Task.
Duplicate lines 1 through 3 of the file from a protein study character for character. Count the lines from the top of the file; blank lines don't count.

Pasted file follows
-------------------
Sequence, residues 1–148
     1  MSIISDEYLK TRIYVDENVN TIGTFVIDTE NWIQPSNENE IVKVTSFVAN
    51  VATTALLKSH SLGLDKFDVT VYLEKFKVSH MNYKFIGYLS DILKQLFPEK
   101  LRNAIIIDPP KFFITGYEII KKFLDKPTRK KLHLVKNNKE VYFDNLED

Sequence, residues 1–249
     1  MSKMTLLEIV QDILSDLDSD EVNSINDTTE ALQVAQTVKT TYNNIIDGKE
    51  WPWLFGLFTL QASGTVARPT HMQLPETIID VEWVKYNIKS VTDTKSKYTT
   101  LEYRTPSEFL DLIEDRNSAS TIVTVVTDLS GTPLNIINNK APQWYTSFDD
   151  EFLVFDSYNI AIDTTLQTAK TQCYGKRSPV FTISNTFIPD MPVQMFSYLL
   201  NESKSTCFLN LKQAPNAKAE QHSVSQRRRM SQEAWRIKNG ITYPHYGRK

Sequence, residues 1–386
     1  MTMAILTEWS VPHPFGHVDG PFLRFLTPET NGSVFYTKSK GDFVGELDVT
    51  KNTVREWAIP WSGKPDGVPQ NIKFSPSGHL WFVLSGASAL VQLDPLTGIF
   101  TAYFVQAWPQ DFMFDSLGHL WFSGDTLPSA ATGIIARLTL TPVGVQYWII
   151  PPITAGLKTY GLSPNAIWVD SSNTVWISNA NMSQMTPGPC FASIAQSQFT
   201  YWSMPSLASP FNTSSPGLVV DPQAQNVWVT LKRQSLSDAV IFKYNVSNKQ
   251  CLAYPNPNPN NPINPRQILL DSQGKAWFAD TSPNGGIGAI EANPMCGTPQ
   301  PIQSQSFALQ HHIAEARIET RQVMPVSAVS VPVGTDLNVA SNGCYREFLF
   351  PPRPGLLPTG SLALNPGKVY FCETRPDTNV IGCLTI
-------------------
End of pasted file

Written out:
Sequence, residues 1–148
     1  MSIISDEYLK TRIYVDENVN TIGTFVIDTE NWIQPSNENE IVKVTSFVAN
    51  VATTALLKSH SLGLDKFDVT VYLEKFKVSH MNYKFIGYLS DILKQLFPEK